In 1983, Canadian animation studio, Nelvana, released the animated musical sci-fi-film, Rock and Rule, which is known by animation buffs but not as many as some would think. This film, set in the distant future after our nuclear war, tells tha tale of Mok, an aging and legendary rock and roll star who is trying to fulfill an ancient prophecy that will unlock a protal to another dimension and release a powerful demon upon Earth that will cement him as the ultimate rock-and-roll god and master of magic.
But, in order for that to happen, he must find the correct voice that will open the portal, as he searches the world in his airship in order to find the correct tone and the correct voice. Enter Angel (voiced by Susan Roman, and singing voice of Debbie Harry of Blondie fame), a keyboardist for a dive-bar rock-and-roll band fronted by her boyfriend, Omar (voiced by Greg Salata.) With friends Dizzy and Stretch, they soon have found favor with Mok,who wants to invite them to his mansion outside of town, where he kidnaps Angel and hypnotizes the others in order to carry out his master plan at a worldwide sold-out show in Nuke York.
Here is the original trailer.....
The fact remains, though, that this film took nearly thirteen years to produce! In the early seventies, animation and filming began, but the studio had ran into several setbacks, including the studio burning to the ground twice and losing their work in the blaze. But, they kept at it, and in 1981 or 1982, the film was finally released in America to a midnight showing in New York, meeting with 'less-than-stellar' reviews. On top of that, the film version that had been shown had been pieced together from what little they could save, and they had met with other complications along the way such as voice actors leaving or the producers not agreeing with material and the other usual problems.
But, even though the film was not a great success, there are still many gurus and buffs that have listed this film as a 'great achievement', as it was one of the first films that had ever been produced that had pushed the barriers of normal animation stories.
For instance, while sex, drugs, and violence were not uncommon in animated films, they were more often than not frowned upon by the viewing public. Let me just show you an example of what I mean below:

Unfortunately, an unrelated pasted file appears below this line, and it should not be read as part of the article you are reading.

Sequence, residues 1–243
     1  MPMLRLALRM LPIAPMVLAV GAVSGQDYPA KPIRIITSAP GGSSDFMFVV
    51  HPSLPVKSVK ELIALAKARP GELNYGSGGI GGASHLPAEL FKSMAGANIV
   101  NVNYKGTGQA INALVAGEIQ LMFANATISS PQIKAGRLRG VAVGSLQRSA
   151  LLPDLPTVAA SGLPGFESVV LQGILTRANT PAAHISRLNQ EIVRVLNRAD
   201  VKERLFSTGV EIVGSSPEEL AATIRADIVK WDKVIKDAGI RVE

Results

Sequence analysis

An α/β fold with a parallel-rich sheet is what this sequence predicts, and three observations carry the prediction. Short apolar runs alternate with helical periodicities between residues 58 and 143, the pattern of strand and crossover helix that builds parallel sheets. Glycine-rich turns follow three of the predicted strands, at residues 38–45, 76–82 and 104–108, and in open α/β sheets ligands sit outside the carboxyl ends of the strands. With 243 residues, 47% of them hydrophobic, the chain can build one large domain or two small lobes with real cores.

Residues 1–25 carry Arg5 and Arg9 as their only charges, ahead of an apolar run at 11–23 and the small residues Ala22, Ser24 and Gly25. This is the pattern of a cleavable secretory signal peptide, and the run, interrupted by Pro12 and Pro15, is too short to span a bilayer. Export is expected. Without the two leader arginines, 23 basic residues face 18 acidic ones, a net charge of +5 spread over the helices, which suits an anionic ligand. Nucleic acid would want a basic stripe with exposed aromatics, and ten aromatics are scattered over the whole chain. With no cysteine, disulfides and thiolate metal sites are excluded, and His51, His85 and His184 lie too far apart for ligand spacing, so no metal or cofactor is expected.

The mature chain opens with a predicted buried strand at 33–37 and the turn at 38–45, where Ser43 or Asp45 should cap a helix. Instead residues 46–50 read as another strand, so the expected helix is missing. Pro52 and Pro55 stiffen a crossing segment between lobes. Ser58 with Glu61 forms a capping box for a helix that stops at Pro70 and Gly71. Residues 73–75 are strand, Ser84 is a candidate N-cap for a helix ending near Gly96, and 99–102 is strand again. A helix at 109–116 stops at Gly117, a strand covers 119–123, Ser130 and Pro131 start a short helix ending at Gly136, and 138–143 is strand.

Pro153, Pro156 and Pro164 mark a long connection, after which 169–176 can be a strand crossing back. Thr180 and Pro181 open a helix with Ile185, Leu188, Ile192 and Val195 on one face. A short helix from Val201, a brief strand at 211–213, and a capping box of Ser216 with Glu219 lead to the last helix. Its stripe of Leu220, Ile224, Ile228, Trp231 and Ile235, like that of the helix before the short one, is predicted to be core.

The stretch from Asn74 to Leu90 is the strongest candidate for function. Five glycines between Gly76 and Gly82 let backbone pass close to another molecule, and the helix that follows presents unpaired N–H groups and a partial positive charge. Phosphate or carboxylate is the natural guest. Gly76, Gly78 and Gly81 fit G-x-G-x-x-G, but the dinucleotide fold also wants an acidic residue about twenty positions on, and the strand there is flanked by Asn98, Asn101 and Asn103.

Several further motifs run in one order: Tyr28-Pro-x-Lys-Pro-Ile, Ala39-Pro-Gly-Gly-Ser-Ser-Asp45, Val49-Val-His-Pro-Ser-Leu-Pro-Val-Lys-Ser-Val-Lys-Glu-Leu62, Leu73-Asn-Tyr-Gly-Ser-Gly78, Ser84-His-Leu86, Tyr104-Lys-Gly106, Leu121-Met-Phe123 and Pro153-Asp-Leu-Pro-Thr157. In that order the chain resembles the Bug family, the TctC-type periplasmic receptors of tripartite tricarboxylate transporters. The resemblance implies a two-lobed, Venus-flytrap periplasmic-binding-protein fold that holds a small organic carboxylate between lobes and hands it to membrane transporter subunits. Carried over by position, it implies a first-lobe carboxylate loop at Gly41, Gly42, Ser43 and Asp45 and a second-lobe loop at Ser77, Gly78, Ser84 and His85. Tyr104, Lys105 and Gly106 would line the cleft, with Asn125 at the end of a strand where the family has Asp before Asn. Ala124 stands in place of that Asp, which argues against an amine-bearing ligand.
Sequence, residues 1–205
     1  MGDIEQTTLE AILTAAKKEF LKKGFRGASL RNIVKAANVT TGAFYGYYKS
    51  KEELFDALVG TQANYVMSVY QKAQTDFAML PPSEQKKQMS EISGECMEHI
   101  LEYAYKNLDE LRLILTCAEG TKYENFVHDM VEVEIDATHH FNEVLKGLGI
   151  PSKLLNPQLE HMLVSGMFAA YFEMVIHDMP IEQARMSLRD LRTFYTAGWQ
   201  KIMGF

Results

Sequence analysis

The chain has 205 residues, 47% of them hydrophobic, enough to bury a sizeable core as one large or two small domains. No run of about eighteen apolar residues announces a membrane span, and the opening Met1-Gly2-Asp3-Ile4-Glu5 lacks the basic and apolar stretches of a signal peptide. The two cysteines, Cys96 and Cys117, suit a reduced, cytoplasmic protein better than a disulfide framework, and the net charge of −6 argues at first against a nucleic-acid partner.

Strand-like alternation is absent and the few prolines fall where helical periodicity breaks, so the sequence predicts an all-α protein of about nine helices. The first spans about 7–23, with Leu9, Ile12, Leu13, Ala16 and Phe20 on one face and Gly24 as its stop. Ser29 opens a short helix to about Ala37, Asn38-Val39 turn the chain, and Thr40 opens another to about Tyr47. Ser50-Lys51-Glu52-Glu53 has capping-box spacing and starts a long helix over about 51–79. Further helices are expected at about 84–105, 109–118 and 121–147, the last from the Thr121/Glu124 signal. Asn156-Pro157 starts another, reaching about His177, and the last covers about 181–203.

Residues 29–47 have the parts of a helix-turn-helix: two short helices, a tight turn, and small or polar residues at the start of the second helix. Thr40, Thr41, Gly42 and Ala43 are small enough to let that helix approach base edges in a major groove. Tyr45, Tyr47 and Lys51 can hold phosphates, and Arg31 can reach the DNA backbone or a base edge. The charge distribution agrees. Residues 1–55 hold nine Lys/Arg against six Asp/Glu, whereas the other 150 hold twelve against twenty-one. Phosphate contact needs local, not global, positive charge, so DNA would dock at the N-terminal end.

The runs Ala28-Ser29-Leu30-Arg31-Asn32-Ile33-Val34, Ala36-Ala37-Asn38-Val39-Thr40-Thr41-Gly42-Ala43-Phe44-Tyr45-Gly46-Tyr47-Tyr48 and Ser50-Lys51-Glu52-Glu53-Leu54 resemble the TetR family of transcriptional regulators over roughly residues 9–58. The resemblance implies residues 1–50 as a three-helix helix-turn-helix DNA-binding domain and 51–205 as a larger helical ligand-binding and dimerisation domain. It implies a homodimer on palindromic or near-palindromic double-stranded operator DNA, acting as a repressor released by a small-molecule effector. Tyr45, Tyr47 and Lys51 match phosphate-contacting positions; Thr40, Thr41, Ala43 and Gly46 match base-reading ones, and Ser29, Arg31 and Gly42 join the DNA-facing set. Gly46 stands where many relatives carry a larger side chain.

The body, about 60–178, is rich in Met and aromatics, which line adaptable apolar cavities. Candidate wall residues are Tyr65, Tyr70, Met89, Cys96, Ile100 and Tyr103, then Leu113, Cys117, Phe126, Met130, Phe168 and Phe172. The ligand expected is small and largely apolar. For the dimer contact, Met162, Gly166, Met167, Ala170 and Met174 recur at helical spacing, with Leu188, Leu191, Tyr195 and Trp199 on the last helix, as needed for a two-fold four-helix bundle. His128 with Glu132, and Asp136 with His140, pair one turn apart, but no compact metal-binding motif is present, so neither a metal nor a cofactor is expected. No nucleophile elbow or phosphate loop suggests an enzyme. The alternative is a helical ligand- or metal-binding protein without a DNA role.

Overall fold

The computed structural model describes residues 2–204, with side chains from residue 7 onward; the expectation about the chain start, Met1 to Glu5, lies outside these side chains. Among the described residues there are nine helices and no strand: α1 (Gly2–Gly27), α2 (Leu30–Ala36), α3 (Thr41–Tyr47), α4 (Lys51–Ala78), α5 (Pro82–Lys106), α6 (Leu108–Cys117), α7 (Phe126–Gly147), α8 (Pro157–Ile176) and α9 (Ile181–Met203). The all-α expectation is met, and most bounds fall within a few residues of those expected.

Now, while this was not the only issue that the film approached, it also delved deep within the mythos that surrounded rock and roll which had gone from the sixties forms of acoustic guitars, anti-war ballads, and free love. IOnstead, it delved more into the darker side of rock, including the pioneering days of heavy metal. Another example is below:
With all of time that had been poured into this project, it is not a wonder that it had fallen to the wayside as time passed.
Like any innovation in animation, it gets passed over due to its nature of being different. But, it falls into the same category of other filsm of this type, such as Heavy Metal, Heavy Metal 2000, American Pop, Wizards, and so forth.
Nelvana was the frist studio to take animation to a completely different level, taking stories and melding them with not only imaginative stories, but also a good shred of truth included with it. But, as they changed with the times, they left the innovation behind and went to more 'family friendly' venues, such as their pairing with LucasFilm for their Star Wars spinoffs, Droids and Ewoks.
Now, Nelvana has went into even more kiddie-freindly faire, releasing cartoons and franchises such as The Backyardigans, Beyblade, Medabots, and so forth.
To think that Rock and Rule was one of the first films that started it all. My, how times change.